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This article was first published 3 years ago  » Getahead » Ask Komal: Are vegetarian diets unhealthy?

Ask Komal: Are vegetarian diets unhealthy?

November 11, 2020 13:24 IST
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Plant foods are rich in whole grains, fruits and vegetables, which provide many essential nutrients including fibre, says nutritionist Komal Jethmalani.


Kindly note the image has been posted only for representational purposesPhotograph: Kind courtesy Andrea Piacquadio/

Dear readers, are you worried about your health as we battle COVID-19?

Concerned about what you and your family are eating as you cope with staying indoors?

Struggling with weight gain?

Or are you facing other heath issues like diabetes, blood pressure, joint pain or heart problems?

Please mail your questions to Nutritionist Komal Jethmalani for her advice.

I am 173 cm in height and weigh around 100 kg. I intend to lose weight and get into the 80 -85 kg bracket by January 2021.
I have already lost 8 kg from September 15th till today 19th October.
I walk about 10,000 steps at an average per day. 
Kindly suggest diet plans and exercises.

It is good to know that you have already made a lot of effort towards losing weight.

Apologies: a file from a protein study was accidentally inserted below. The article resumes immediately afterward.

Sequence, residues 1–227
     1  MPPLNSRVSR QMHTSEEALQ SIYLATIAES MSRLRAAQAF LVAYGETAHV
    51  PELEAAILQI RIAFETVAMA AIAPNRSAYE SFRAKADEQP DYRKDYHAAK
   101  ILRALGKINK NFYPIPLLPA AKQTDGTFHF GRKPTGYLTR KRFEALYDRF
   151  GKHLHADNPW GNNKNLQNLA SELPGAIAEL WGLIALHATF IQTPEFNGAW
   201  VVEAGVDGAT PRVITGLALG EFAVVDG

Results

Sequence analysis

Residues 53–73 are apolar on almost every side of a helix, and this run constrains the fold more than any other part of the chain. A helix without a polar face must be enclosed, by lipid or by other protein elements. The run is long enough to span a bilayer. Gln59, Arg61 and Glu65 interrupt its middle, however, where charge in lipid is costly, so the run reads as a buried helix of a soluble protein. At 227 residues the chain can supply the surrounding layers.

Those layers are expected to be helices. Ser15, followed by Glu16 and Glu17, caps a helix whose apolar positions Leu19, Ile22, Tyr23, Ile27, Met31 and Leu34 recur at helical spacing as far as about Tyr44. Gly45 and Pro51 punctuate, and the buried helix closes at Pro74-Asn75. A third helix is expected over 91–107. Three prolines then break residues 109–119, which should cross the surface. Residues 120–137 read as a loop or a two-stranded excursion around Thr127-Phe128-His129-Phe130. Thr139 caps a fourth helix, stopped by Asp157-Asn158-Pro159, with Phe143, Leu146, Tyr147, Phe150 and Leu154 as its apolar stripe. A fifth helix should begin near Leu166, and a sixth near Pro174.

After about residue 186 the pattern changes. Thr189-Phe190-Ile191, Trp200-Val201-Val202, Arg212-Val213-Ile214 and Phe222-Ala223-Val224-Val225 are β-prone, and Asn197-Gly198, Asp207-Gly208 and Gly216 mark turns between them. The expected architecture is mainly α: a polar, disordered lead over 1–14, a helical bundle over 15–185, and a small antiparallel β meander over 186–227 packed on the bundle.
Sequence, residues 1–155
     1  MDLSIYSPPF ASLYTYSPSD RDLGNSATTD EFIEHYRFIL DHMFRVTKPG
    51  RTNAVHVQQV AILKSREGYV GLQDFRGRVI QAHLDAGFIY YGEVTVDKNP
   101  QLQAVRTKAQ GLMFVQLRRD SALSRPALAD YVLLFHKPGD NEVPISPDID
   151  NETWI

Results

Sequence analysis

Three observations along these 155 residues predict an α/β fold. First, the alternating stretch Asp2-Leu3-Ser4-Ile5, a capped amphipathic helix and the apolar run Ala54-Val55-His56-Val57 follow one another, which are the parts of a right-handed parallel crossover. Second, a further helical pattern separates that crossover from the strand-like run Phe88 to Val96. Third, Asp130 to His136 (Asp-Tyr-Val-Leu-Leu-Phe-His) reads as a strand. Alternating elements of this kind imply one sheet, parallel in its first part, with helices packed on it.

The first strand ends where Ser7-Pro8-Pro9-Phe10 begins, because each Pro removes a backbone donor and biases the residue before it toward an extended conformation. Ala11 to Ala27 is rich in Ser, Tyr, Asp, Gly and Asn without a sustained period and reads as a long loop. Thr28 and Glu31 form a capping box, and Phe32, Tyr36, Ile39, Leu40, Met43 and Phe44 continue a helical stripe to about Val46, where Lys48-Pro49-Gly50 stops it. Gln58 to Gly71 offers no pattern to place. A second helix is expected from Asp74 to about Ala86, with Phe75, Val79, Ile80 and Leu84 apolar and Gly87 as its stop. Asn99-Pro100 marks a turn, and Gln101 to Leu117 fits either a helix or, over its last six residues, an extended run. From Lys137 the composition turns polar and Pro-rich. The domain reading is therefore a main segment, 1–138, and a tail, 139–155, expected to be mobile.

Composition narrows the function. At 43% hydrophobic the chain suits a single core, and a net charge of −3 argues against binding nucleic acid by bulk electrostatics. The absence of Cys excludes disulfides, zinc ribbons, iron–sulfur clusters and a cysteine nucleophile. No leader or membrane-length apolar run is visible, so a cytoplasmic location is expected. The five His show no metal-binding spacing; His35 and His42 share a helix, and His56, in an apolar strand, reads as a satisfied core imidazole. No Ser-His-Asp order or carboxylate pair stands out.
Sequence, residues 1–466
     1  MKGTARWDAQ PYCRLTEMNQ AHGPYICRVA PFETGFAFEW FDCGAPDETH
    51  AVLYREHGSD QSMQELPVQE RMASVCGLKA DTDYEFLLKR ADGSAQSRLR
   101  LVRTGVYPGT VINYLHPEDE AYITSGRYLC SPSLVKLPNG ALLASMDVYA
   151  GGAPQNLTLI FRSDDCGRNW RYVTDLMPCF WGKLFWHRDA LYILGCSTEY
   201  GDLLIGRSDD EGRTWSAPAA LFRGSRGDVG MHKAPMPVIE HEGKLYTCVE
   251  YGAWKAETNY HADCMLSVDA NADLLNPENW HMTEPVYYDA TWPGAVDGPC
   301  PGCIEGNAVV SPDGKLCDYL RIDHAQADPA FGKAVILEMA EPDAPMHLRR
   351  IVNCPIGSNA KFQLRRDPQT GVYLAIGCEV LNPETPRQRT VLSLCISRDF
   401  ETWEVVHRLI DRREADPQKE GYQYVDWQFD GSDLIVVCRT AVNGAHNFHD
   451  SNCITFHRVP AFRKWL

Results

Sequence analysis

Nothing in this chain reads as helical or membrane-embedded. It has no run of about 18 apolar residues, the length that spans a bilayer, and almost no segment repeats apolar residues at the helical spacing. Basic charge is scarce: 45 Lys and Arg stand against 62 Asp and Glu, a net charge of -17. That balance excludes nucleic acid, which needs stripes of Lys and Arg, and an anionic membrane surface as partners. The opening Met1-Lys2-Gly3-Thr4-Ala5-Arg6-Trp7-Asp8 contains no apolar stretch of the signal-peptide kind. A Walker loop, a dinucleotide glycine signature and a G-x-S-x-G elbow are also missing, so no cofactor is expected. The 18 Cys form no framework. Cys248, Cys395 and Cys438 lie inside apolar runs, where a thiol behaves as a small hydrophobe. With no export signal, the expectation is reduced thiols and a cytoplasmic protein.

But I hope the 8 kg loss has not occurred in a month! As you have not given the exact year, hopefully you have had a gradual weight loss.

A sudden loss of weight in a short period of time is unhealthy and is mainly achieved by starvation diets which results in loss of lean mass.

Aim at fat loss rather than weight loss.

The ideal way to lose fat percentage from your body is by having a balanced diet which should meet all the macro and micro nutrient requirements and include low fat, high protein, high fibre foods to increase your metabolism.

In addition to this, you must incorporate a fitness schedule which can include cardio activities, like the 10,000 steps which you are already accomplishing.

Along with this, strength training exercises will boost your metabolism and increase your muscle mass.

Start doing endurance exercises regularly and build up on them on a gradual basis.

Make sure your diet is in compliance with your exercises.


Hello Komal,
Nice insights, thank you so much. Could you please help me with my diet routine? 
History - I am a delivery driver overseas for food chains.
My HBA1C came out 12.7 and my body has been thoroughly abused I was drinking during this time for almost 10 months.
My LFT KFT Cholestrol are OK now.
For cholesterol, sugar, BP, I have been prescribed allopathy medicine which I have already cut down on by replacing it with homeopathy.